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Cross-border e-commerce can put economy back on track, expert says

By Chen Liubing | | Updated: 2020-07-06 11:33
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Workers are busy at a telecommunications company in Hejian, North China's Hebei province, on June 30, 2020. [Photo/Xinhua]

Cross-border e-commerce, online trading, and service trade are key tools for China in tackling economic downwards amid the COVID-19 pandemic, Guan Tao, chief global economist of BOC International (China) Co Ltd, said, reported China Securities Journal on Monday.

According to WTO statistics, the volume of merchandise trade shrank by 3 percent year-on-year in the first quarter, and initial estimates for the second quarter indicate a drop of around 18.5 percent on a yearly basis.

However, thanks to China's quick response to the pandemic, the country's economy already witnessed a rebound as export growth in April and May exceeded expectations.

To further expand trading, according to Guan, cross-border e-commerce and online trading are new growth engines, as overseas customers are turning to online shopping.

Chinese enterprises should focus on product quality, and maintain global market share as well as international supply chain to promote export, Guan said.

Given the downward pressure of trade in goods, service trade is a new direction of trade transformation, Guan said, adding that trade with the ASEAN countries is a highlight of China's foreign trade export of the year.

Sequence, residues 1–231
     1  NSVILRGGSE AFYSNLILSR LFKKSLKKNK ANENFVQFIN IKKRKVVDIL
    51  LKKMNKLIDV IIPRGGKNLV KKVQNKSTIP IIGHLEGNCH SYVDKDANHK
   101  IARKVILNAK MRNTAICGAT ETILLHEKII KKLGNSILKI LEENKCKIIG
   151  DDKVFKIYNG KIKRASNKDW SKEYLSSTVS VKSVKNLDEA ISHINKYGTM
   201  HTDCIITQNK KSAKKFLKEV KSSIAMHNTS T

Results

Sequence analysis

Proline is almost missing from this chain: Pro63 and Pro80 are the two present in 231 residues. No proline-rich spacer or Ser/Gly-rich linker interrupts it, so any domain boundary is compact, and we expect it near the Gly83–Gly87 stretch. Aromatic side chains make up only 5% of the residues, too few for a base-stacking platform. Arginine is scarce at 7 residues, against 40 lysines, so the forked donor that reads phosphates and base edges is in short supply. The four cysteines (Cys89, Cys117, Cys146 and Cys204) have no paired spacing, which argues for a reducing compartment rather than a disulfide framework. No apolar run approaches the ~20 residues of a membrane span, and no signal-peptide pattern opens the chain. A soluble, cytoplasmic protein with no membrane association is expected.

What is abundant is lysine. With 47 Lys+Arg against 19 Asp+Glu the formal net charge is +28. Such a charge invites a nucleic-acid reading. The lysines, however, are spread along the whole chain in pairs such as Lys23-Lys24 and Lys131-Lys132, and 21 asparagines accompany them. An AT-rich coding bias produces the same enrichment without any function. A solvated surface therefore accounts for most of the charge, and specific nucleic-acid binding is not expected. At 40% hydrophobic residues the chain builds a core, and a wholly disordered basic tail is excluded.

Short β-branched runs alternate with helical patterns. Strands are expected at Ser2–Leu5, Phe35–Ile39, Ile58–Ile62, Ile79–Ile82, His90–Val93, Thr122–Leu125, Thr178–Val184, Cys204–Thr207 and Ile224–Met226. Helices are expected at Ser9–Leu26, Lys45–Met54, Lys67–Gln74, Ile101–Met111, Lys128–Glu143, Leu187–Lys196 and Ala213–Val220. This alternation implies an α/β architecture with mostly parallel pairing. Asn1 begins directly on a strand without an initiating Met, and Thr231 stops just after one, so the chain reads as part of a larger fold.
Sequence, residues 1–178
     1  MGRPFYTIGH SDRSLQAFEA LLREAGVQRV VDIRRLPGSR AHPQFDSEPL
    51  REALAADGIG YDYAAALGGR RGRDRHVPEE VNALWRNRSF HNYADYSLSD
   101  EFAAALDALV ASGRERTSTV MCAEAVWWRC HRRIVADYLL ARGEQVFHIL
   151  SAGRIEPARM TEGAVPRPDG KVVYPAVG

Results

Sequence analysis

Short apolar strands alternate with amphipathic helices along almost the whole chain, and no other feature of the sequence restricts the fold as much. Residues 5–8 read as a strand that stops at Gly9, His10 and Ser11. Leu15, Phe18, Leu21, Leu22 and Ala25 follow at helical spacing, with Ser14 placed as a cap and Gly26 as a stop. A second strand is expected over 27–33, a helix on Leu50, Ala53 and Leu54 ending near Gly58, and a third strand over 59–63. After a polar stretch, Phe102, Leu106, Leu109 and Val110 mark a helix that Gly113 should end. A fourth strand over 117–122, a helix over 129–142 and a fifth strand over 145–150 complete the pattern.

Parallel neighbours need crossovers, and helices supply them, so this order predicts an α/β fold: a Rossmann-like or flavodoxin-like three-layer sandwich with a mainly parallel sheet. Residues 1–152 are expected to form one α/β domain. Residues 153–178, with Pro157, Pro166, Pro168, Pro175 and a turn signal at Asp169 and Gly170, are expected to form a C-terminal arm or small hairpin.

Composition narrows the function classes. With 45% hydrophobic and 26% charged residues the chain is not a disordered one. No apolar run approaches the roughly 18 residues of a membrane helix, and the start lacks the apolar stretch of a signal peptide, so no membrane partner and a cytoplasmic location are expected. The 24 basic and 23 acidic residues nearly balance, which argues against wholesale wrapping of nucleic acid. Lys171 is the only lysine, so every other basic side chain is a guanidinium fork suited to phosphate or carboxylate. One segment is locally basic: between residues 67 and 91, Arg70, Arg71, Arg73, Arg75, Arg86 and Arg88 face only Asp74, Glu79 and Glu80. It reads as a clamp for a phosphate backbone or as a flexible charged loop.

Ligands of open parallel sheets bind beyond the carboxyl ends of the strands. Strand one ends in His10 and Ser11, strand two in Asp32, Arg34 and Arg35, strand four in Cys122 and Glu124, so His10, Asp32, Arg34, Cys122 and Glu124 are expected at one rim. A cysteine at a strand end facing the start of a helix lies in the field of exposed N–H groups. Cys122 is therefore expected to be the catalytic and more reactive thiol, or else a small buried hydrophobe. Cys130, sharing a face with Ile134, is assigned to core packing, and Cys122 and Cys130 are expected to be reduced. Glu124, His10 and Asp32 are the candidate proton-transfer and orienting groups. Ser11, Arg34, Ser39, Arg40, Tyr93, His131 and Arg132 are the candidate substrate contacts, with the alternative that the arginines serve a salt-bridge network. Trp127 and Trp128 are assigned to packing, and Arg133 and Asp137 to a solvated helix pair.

The survival of medium-, small- and micro-sized companies, as well as labor intensive enterprises in the coronavirus-driven plunge is key in promoting employment, the economist said.

Tax-reduction, the building of overseas sales channels, as well as training in cross-border ecommerce are all needed to support these enterprises.

To sell commodities originally produced for exports domestically is another way of easing export pressure of certain foreign trade enterprises, Guan said. However, with less brand name and sales channels at home, different production standards and intensive competition, these enterprises require government support in selling commodities domestically.

For example, the government should build platforms for these exporters to sell goods domestically, and promote digital transformation of these enterprises such as holding online trade fair to expand sales channels. Finance and insurance support and transaction supervision are also needed, said the economist.

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